Even overachievers need to simplify things from time to time.
Triton Pitassi had taken on just a little too much in his first couple of years of high school. So he gave up one passion in order to excel in another.
This spring, Pitassi, a junior at Camas, is confident he will make it to the state track and field meet in shot put for the first time, possibly even medal.
He also is ranked No. 2 in Washington in the hammer throw, an event not sanctioned by the Washington Interscholastic Activities Association but still with its own independent state championship.
Pitassi will not, however, be competing in bi-district and state tennis tournaments.
One of the top tennis players in the region as a freshman and a sophomore, Pitassi said no to high school tennis for his junior year due to time conflicts.
Southwest Washington’s regular season for boys tennis is in the fall, while the bi-district and state championships are in the spring — coinciding with track and field.
So those first two years, Pitassi practiced both sports in the spring. It turned out, when he was on the court, he worried if he should be out on the field. And when he was throwing, he wondered if he should be concentrating more on serves and backhands. Both of his sports suffered
“It was really stressful,” Pitassi said. “It was just too much. I had to pick one.”
It was track and field’s gain.
Pitassi did not qualify for the district meet last year in the shot put.
This season, he is ranked second in the 3A Greater St. Helens League and 10th among all 3A throwers in the state.
Pitassi is a 4.0 student who loves science and math, but it does not take an A student to figure out how Pitassi progressed from an also-ran to a state contender: Focus and training.
He has put his body, soul, and mind into throwing heavy objects.
“All the offseason work (with the hammer) helped me in track, in general,” Pitassi said. “It’s been really helpful with shot. It’s not completely related, but I spin in the shot. The techniques kind of match up a little bit.”
Plus, he no longer is stressing about any other sport. He misses tennis “absolutely,” and even wishes he played it a bit more over the winter because tennis is a cross-training sport.
“Quick feet on the court means quick feet in shot put,” he said.
But he has no regrets.
“I made the right decision,” Pitassi said. “I don’t feel as stressed about what I’m going to do, how I’m going to perform. I’ve been able to let it go and have fun. When it’s time for track, it’s just track.”
Of course, he has plenty of other sources of stress in his life. The good kind of stress, such as the pressure to maintain that grade-point average while taking four Advanced Placement courses — chemistry, U.S. history, English, calculus.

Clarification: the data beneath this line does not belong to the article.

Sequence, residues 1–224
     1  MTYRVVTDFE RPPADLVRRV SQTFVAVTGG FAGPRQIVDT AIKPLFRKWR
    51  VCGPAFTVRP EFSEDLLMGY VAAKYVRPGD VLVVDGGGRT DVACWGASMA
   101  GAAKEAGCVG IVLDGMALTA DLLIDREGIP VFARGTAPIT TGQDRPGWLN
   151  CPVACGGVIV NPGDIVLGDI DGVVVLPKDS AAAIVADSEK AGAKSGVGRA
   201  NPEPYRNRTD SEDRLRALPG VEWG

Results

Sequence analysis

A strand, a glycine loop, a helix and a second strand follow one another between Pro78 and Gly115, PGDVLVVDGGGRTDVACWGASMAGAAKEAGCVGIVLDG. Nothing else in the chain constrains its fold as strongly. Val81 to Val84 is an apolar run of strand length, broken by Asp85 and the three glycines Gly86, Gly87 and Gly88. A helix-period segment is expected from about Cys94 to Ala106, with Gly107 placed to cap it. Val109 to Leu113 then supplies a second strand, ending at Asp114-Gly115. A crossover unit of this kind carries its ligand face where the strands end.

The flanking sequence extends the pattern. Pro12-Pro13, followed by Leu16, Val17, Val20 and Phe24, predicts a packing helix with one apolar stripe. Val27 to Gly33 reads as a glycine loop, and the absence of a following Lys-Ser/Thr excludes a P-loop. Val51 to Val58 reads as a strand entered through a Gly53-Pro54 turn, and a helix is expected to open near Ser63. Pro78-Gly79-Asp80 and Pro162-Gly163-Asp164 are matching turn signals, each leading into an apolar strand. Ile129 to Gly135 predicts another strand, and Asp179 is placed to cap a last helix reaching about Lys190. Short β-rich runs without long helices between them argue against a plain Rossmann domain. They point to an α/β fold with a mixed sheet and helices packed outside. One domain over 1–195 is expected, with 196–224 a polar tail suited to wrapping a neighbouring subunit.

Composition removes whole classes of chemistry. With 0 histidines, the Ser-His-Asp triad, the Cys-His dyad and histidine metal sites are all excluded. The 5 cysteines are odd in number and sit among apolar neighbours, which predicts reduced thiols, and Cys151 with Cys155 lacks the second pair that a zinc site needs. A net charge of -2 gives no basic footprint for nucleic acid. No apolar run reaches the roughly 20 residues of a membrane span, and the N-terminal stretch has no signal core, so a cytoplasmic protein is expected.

If that were not enough, he also joined the Science Olympiad program.
That, too, almost interfered with athletics.
“The end of Science Olympian overlaps with the beginning and middle of track. I had to figure a way to fit it all in,” he said.
It is a demanding lifestyle, but Pitassi often uses the word “fun” when describing his workload.
“I was always pretty natural at math, but over time, science just became more fun,” he said. “You get to figure out why. Why did that thing turn blue instead of green? It’s more exciting with science.”
Yet, he also could not narrow down his classes to one favorite. He is psyched about learning, trying new things.
Which might explain his success in the hammer throw. He said it looked like, yep, fun, so he asked if he could try when he was an eighth-grader.
“When I stand next to the other guys, I feel very small,” said Pitassi, who is 5-10, 245 pounds. “In the hammer, I’ve been able to show I don’t have to be the tall, buff kid to throw far. It’s nice to show that. Also, it’s fun to spin.”
The state hammer championships are usually the day after the WIAA track and field championships. Pitassi is hoping to be at both.
“I’m not going to be cocky, but if I get a reasonable throw in, I should easily get into regionals,” Pitassi said of the shot put. “And I’m pretty confident I can make it past regionals and into state.”
If things go just perfectly for him that weekend later in May, he could medal or even finish first in one or the other, maybe both. So what is his preference?
“I love both the shot and the hammer. But the hammer, there’s something about it that is just more fun,” he said.
Then again, if he wins the shot put, he will be representing Camas High School in a WIAA sanctioned event.
Fortunately for Pitassi, he does not have a to make a tough decision here.
It’s all stress-free now. Just use the technique, make the mark, and see where that lands him.